The fourth CZG horizontal design use (this time too) absolute position to place, under the title, two text sections in the header div and four ones (with the same height but diffent width) side by side under an inline menu and before the three other menu lists.
THW, page 3
The second photographic portfolio presented is the one by Meghan Petersen: a very long collection of pictures with equal height but different width placed -this time too- side by side in a nested table layout inserted in a (please don’t copy this) HTML frame.
The gallery is accompanied by another frame on the top that contains a fixed image with studio’s informations.
The Jason Kottke’s Portfolio is an XHTML page that position its content side by side, at the same distance, using the foundamental (for the horizontal way , but not only) CSS float property.
This content is composed (except the last three text-only divs) by equally width & height boxes divided in a description part (a title plus three or less paragraphs) and a screenshot big as a half of the page.
First Flash site here, Biok displays a static page with some sections (with a low quantity of text) scrolling inside.
Instead of lose the content of the previous page after a refresh (or better the change of the flash layer) the menu under the header allows so to navigate in a complete “overview” of what the site- in this case a consulting firm one- can offer.
Like the two previous CSS design from CZG, the text colums that contains the demostrative sections are putted in the template with an absolute position. 1/2 difference: the distance of this colums from the top of page (few pixels for the even ones, about half of the page’s height for the odd). 2/2 difference is about the dimensions of the colums: previously there was an equal ‘limit’ of width, now the various column have different width to display, each one, a column’s height almost equal to the half of the page’s height.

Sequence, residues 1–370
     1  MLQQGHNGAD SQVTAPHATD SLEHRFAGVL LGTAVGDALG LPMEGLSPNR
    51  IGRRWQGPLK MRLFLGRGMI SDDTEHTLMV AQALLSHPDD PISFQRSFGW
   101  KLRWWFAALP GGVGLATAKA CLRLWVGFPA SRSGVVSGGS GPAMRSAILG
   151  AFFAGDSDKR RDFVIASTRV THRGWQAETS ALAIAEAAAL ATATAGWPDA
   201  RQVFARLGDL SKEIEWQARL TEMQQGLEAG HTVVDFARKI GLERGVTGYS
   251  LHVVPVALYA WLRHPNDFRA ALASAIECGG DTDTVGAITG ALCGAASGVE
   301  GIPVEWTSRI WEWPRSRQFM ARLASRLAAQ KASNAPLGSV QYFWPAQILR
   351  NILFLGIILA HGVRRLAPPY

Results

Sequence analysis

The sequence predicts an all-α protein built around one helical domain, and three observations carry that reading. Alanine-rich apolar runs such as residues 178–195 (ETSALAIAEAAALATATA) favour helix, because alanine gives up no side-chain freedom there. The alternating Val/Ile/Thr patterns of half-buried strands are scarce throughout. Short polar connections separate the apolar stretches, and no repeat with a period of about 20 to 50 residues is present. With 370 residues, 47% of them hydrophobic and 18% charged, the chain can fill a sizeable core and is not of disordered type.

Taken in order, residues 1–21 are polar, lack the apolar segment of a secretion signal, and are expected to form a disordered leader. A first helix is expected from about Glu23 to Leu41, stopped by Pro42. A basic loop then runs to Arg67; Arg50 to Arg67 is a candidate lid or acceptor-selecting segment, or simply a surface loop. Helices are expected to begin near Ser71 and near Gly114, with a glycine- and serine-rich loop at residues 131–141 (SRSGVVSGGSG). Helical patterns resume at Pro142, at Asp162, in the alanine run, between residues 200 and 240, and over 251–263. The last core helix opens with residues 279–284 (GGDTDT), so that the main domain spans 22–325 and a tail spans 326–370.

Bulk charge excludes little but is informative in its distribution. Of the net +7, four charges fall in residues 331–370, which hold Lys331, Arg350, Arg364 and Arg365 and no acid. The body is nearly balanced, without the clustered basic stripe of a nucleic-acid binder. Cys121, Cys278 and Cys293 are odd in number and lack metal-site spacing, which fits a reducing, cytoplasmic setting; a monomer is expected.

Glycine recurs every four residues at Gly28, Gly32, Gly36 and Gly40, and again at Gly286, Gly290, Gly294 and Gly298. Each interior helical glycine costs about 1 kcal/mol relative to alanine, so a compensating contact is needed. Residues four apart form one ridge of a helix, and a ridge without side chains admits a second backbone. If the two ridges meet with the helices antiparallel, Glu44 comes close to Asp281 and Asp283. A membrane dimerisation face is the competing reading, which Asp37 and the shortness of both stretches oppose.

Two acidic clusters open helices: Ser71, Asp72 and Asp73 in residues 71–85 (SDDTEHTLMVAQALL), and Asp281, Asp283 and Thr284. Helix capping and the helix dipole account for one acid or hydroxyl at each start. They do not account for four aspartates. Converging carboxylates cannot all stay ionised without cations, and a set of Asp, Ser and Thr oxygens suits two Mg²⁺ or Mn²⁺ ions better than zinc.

Unbury from the Web Archive limbo, the nDroid could be one of the first sites with horizontal layout ever appaired (the Archive shows 2000’s pages). The pixel-build fantasy of its creator illustrates a in a panoramic context – a very strange wide house – an harlequin mix of text and images that let ask ourself: “What is there on the right?”.
As we saw in the photographic example, an horizontal layout could be an original way to create a design portfolio. It’s the case of the guys of Sonido, who use an old nested table to place a very wide image where the transition from a section of a page to an other is very pleasant. The direct “jump” to these section is (this time, too) allowed by a menu with internal links. Except titles and the introduction, there is a so great quantity of text use expecially for links to agency’s projects: for this are necessary some (about four lines) boxes tall as much only 100px.
The second (CSS, naturally) extract from the CZG. There aren’t so much layout differents from the previous: the sbs colums – that uses a CSS
position:absolute property – this time are more thin and the last section is wider then the others to be tall as the others. A big image, tall as the page, is fixed at the left of the window and the menu is this time at the right of the last column.
Eolo Perfido is a good example of how the horizontal layouting can help photography to show its best in the web world. Portfolio’s pages displays a series of equal height and equal width phographaps inserted side by side in table layout, and includes a simple menu on the left to switch over the other horizontal galleries. In the news page, instead, the images are smaller in size to let space to a little description below.
The Dmitry Kirsanov Studio’s website – horizontal version born in 2002 – represents its contents with an old nested table layout divided horizontally in two parts: in the part below a title and image represent several projects, in the part above a small text completes the description. In some page, like “Our offer” these paragraphs are splitted in two or more colums. A fixed height but an unknow amount of text: in the building of a layout including a section with this feature a big help could come from the CSS3 dedicated module.